Just Above Sunset
April 17, 2005 - Runners-Up

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Received Monday, 11 April 2005 – a supplement to March 20, 2005 - France Picks Its Nose (Formerly 'French Baffled By Nose') - from Rick Erickson, editor and publisher of MetropoleParis -




PARIS - I must have missed a vital bit of information. I thought that the French knock-off of the 'Great Brits' TV-show, or popularity contest, was going to run over eight weeks. Instead, France-2's 'Le plus grand Français de tous les temps' seems to have occupied only two or three Monday evening prime-time slots.


Monday is when I pretend to bolt a weekly issue of Metropole together so I didn't consider watching it even if biographies of the ten top contestants could have been interesting. Apparently they were just little clip shows.


It is possible that the Pope dying scrambled the program schedule. A couple of times the evening news just went on and on forever and even the weather got spiked. Whole years can go by without the church being mentioned on the news, so it's easy to forget it exists. No churches here have neon signs either.


France-2 TV showed the winner on Monday night, and I didn't watch it.  To find out who won I had to dig around Web-news a bit on Tuesday, and there it was buried under the obscure 'media' news.


I don't imagine that the 'Great Brits' popularity contest caused much excitement with the bookies because the winner was Winston Churchill.  Here everybody guessed Charles de Gaulle would come out tops, so it couldn't have been a TV show full of high drama.


According to the report, the general's son, Admiral Philippe de Gaulle appeared on the show. He said all of the candidates were 'notorious,' 'of great value,' but in specific areas. The general won because he was 'more universal.'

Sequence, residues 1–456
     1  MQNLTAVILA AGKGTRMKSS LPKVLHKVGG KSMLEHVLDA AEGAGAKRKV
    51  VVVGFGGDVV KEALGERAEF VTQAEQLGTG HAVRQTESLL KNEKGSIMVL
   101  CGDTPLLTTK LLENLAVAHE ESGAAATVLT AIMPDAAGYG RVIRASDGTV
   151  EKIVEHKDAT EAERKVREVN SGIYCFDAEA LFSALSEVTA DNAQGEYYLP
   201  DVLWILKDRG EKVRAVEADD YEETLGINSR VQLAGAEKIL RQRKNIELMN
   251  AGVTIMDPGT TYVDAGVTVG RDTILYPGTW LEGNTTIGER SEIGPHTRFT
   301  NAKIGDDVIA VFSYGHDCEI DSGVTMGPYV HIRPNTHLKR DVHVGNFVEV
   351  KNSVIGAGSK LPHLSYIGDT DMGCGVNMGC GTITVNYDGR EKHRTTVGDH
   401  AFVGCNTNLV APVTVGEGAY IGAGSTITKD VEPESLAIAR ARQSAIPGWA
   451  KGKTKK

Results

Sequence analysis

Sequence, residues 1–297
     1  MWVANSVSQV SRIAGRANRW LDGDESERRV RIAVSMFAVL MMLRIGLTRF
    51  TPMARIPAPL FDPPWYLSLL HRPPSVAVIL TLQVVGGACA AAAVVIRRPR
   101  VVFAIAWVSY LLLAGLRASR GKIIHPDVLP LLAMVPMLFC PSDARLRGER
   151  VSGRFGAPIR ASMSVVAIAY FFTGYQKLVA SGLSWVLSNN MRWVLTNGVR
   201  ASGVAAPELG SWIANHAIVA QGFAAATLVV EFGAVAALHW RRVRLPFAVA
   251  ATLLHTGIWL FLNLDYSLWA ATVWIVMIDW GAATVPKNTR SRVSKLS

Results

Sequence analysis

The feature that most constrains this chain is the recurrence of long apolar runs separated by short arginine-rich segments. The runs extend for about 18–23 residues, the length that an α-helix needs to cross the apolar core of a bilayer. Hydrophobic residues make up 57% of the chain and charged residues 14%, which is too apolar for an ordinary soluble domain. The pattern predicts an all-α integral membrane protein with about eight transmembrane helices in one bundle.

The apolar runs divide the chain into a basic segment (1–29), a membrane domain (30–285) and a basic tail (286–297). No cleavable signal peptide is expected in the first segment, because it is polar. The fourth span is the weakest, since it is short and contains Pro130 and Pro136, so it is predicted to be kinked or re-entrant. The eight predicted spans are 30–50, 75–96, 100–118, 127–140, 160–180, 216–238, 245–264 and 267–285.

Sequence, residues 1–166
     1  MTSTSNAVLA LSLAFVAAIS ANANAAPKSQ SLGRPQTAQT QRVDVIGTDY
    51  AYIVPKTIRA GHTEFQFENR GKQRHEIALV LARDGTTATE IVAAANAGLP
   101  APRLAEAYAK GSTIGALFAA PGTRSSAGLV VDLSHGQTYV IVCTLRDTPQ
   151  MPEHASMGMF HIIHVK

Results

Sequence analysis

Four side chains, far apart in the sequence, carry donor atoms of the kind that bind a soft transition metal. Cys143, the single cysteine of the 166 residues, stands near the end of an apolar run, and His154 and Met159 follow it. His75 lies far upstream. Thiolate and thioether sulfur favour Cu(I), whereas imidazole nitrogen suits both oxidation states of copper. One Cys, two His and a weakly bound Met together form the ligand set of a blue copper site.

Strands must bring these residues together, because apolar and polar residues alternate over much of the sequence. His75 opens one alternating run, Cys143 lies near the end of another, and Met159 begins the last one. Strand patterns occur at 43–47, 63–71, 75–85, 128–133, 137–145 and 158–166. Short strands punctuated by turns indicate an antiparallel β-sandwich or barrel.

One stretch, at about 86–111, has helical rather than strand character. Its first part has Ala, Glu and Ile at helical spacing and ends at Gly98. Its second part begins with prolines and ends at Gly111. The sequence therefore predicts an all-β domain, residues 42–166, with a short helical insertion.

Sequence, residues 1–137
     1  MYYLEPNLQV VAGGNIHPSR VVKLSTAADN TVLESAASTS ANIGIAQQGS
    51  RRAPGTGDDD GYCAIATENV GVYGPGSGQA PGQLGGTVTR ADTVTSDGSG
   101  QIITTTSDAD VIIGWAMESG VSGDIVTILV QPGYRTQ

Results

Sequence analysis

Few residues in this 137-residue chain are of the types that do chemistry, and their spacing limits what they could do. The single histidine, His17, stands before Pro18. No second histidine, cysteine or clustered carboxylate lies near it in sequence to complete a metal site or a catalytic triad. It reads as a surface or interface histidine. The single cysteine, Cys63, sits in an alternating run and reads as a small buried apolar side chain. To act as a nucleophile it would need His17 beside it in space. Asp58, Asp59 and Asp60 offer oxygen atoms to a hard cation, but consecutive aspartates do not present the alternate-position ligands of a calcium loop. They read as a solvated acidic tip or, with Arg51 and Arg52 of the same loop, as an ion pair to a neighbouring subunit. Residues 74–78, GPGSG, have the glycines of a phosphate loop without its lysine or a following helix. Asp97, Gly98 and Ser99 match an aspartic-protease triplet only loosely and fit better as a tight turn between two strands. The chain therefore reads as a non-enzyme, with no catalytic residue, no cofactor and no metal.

Actual Size
Palais de l'Institut de France

Then, for padding, the report contains two biographical paragraphs.  With the Brits picking Churchill, it remains for the Americans to vote for Roosevelt as the 'greatest American of all time,' and then it will be the Russian's turn to do the same for Stalin.

The Germans, of course, should have voted for Willy Brandt, but chose Konrad Adenauer instead. The choices of Canada and Finland are eagerly awaited.


Whatever was originally planned, the 'greatest Frenchman' contest only yielded two TV broadcasts. A poll in September of 2004 selected the '100 greatest Frenchmen of all time,' and after the first broadcast 10 remained in the running. With no suspense for the top spot in France, the vote's real interest fell on the nine runner-ups.


The scientist Louis Pasteur was chosen as the number two 'greatest Frenchman of all time.' Pasteur developed pasteurization, vaccines, and invented the science of microbiology. Hardly a random choice, because Marie Curie landed in the fourth spot.


Born in Warsaw, she discovered radium and won Nobel prizes in 1903 and 1911.


Between the two, a very old but living Abbé Pierre was chosen for the third spot. Since the end of World War II he has been saying that some people are poorly housed in France. He is a popular and longstanding moral force even if people are still poorly housed.


It's a surprise to see the dead comedian Coluche edge out Victor Hugo, but not such a surprise to find the writer in the sixth place.  But the consistency holds with another comedian, Bourvil, in seventh spot, followed by Molière the playwright, who died during the fourth performance of 'Le Malade Imaginaire,' in 1673.


In ninth place it's back to science again with the selection of the undersea's Jacques-Yves Cousteau. In the tenth place, the list is completed with name of another entertainer, Edith Piaf.


This adds up to one statesman, three scientists, a moral leader, two comedians and a singer, one writer and one playwright - that the French have chosen to be the 'greatest Frenchmen of all time.' If they were all attending a party, it would probably be an interesting evening, French style.


France-2 TV invited viewers to vote on the Web for their favorites, but Metropole readers who tried were unable to find out how to sign up on the Web site. Myself, I glanced at it and gave up too.



Text and Photograph Copyright © 2005 – Ric Erickson, MetropoleParis




Regarding the photo – see Palais de l'Institut de France, siège des cinq Académies – and explore.


Copyright © 2003, 2004, 2005, 2006 - Alan M. Pavlik
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This issue updated and published on...

Paris readers add nine hours....